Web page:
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    ABSTRACT: The National Lipid Association's Muscle Safety Expert Panel was charged with the duty of examining the definitions for statin-associated muscle adverse events, development of a clinical index to assess myalgia, and the use of diagnostic neuromuscular studies to investigate muscle adverse events. We provide guidance as to when a patient should be considered for referral to neuromuscular specialists and indications for the performance of a skeletal muscle biopsy. Based on this review of evidence, we developed an algorithm for the evaluation and treatment of patients who may be intolerant to statins as the result of adverse muscle events. The panel was composed of clinical cardiologists, clinical lipidologists, an exercise physiologist, and a neuromuscular specialist.
    Journal of Clinical Lipidology 05/2014; 8(3 Suppl):S58-71. DOI:10.1016/j.jacl.2014.03.004 · 3.59 Impact Factor
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    ABSTRACT: Mitochondrial cytopathies ultimately lead to a reduction in aerobic energy transduction, depletion of alternative energy stores, increased oxidative stress, apoptosis and necrosis. Specific combinations of nutraceutical compounds can target many of the aforementioned biochemical pathways. Antioxidants combined with cofactors that can bypass specific electron transport chain defects and the provision of alternative energy sources represents a specific targeted strategy. To date, there has been only one randomized double-blind clinical trial using a combination nutraceutial therapy and it showed that the combination of creatine monohydrate, coenzyme Q10, and alpha-lipoic acid reduced lactate and markers of oxidative stress in patients with mitochondrial cytopathies. Future studies need to use larger numbers of patients with well defined clinical and surrogate marker outcomes to clarify the potential role for combination nutraceuticals ("mitochondrial cocktail") as a therapy for mitochondrial cytopathies.
    Advanced drug delivery reviews 10/2008; 60(13-14):1561-7. DOI:10.1016/j.addr.2008.05.001 · 12.71 Impact Factor
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    ABSTRACT: Metabolic myopathies are inborn errors of metabolism that result in impaired energy production due to defects in glycogen, lipid, mitochondrial, and possibly adenine nucleotide metabolism. Fatty acid oxidation defects (FAOD), glycogen storage disease, and mitochondrial myopathies represent the 3 main groups of disorders, and some consider myoadenylate deaminase (AMPD1 deficiency) to be a metabolic myopathy. Clinically, a variety of neuromuscular presentations are seen at different ages of life. Newborns and infants commonly present with hypotonia and multisystem involvement (liver and brain), whereas onset later in life usually presents with exercise intolerance with or without progressive muscle weakness and myoglobinuria. In general, the glycogen storage diseases result in high-intensity exercise intolerance, whereas the FAODs and the mitochondrial myopathies manifest predominately during endurance-type activity or under fasted or other metabolically stressful conditions. The clinical examination is often normal, and testing requires various combinations of exercise stress testing, serum creatine kinase activity and lactate concentration determination, urine organic acids, muscle biopsy, neuroimaging, and specific genetic testing for the diagnosis of a specific metabolic myopathy. Prenatal screening is available in many countries for several of the FAODs through liquid chromatography-tandem mass spectrometry. Early identification of these conditions with lifestyle measures, nutritional intervention, and cofactor treatment is important to prevent or delay the onset of muscle weakness and to avoid potential life-threatening complications such as rhabdomyolysis with resultant renal failure or hepatic failure. This article will review the key clinical features, diagnostic tests, and treatment recommendations for the more common metabolic myopathies, with an emphasis on mitochondrial myopathies.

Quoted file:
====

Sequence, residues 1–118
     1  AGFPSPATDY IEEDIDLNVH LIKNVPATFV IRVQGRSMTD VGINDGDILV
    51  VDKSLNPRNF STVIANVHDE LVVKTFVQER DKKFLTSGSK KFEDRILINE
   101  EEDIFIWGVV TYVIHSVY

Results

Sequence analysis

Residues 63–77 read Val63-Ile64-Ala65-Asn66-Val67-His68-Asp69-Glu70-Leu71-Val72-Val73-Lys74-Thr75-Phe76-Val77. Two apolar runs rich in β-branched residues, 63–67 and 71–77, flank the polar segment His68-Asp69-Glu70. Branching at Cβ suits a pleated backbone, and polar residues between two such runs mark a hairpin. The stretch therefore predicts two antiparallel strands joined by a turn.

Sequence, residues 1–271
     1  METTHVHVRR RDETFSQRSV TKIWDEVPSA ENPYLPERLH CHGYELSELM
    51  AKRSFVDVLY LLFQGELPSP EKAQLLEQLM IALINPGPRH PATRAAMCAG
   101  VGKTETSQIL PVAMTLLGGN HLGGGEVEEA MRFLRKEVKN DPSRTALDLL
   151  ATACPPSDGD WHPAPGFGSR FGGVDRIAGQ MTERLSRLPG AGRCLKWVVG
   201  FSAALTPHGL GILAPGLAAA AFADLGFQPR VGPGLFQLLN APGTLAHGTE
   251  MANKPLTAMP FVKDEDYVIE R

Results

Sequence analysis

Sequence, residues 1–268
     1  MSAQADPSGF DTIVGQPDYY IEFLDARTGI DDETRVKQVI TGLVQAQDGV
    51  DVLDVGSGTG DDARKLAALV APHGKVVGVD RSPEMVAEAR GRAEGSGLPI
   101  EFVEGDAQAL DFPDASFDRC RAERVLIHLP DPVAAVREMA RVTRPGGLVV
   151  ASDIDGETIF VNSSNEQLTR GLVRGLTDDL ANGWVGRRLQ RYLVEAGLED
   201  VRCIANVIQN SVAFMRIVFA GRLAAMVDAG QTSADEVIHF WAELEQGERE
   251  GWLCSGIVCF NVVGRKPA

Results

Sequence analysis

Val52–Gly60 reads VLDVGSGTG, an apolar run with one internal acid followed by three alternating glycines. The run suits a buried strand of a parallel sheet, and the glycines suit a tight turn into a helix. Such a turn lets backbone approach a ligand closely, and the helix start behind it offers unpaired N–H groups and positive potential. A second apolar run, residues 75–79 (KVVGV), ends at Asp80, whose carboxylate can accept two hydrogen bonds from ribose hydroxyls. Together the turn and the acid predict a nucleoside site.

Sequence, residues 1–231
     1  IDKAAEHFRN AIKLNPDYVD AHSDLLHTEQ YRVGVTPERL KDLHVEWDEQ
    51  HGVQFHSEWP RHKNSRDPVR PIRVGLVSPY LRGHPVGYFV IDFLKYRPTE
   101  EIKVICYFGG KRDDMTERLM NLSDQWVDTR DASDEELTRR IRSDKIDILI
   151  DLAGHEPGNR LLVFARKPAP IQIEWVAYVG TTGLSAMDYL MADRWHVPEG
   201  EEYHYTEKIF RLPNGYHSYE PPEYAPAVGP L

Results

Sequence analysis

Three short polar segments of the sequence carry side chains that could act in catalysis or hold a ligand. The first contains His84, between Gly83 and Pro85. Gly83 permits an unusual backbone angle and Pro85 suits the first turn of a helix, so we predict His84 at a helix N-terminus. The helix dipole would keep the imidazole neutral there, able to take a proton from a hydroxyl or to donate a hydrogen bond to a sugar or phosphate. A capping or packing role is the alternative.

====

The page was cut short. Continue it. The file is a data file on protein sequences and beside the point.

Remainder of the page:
Journal of clinical neuromuscular disease 04/2009; 10(3):97-121. DOI:10.1097/CND.0b013e3181903126
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